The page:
Rio de Janeiro, Brazil
By Pilar Olivares
One day I decided to check out rumors that there were gringos living in the famous but feared “favelas” of Rio. I went to the Vidigal favela and asked residents if they knew any foreigners living there, and they confirmed, “This place has been invaded by gringos. Look around a while and you’ll see a parade of them, even Peruvians, Ecuadorians, from everywhere.”
Although the term gringo was originally coined in Mexico to refer to Americans, here it refers to any foreigner, even myself, a gringa from Peru.
There in Vidigal I met Ekaterina, an attorney from Russia who is living in the favela with her Chilean boyfriend, Marcos. Spending a day with them was like training myself to be a translator – Ekaterina doesn’t speak Spanish and is only just learning Portuguese, so her best language of communication here is English. Between photographing and interviewing, I often ended up in the middle of the couple and their language problems.
For Ekaterina, living in Rio means lowering her standard of living and status that she had in other cities of Europe, where she lived before coming here. Here she is giving English classes while Marcos works as a street artist. This city is expensive, and it’s far from easy to get by without a stable job. The only housing option for them was a favela, where a two-room apartment rents for about $200 a month. No other neighborhood in Rio’s center or southern districts has anything near it in size that cheap.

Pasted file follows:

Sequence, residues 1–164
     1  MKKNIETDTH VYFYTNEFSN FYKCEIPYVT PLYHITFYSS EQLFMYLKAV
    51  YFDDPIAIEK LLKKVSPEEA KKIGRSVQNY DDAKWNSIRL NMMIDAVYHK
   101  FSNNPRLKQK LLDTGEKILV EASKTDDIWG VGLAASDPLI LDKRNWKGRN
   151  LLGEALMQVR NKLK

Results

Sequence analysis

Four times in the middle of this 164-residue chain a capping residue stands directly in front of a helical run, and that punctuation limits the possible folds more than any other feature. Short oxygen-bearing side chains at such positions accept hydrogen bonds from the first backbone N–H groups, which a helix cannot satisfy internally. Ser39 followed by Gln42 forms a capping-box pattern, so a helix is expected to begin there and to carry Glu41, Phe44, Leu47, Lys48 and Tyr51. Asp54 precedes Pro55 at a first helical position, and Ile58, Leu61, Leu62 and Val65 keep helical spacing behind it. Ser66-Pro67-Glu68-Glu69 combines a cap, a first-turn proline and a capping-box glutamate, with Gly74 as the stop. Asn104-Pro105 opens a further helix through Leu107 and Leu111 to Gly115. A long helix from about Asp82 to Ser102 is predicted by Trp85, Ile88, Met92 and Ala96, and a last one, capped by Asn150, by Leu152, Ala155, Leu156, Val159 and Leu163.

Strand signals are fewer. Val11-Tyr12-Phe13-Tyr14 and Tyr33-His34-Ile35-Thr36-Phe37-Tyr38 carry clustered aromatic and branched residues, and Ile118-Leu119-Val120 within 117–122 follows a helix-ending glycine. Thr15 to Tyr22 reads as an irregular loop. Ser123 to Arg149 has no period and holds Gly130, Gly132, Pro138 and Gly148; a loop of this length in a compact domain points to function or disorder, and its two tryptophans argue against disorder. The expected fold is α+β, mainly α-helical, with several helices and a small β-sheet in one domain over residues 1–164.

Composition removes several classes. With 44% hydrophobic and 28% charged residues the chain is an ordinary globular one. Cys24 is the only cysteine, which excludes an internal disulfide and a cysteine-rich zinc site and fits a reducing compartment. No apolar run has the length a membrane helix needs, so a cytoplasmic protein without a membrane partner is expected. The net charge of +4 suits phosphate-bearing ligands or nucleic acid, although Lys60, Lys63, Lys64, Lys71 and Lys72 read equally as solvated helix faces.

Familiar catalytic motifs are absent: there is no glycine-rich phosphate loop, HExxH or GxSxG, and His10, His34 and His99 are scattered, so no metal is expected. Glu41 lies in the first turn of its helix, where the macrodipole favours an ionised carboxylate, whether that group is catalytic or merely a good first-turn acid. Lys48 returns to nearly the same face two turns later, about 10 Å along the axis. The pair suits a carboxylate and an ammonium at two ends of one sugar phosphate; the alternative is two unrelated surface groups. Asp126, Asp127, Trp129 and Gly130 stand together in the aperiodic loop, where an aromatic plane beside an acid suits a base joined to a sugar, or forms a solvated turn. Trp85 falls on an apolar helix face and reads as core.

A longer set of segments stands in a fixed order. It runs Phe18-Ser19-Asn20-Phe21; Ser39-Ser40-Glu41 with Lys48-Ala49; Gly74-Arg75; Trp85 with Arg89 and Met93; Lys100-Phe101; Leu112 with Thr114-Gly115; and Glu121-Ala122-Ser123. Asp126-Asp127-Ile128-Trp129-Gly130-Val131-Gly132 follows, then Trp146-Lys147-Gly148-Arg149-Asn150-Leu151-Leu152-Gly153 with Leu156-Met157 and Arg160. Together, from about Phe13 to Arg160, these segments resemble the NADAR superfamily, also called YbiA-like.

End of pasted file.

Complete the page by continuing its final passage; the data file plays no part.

Marcos is happy. He adapts to anything while Ekaterina constantly complains. “I can’t stand the filth. I don’t like it when the people yell a lot. It sounds as if they were always fighting. I’ll never get used to this. Sometimes I feel like yelling, ‘Get me out of here, Mom!’”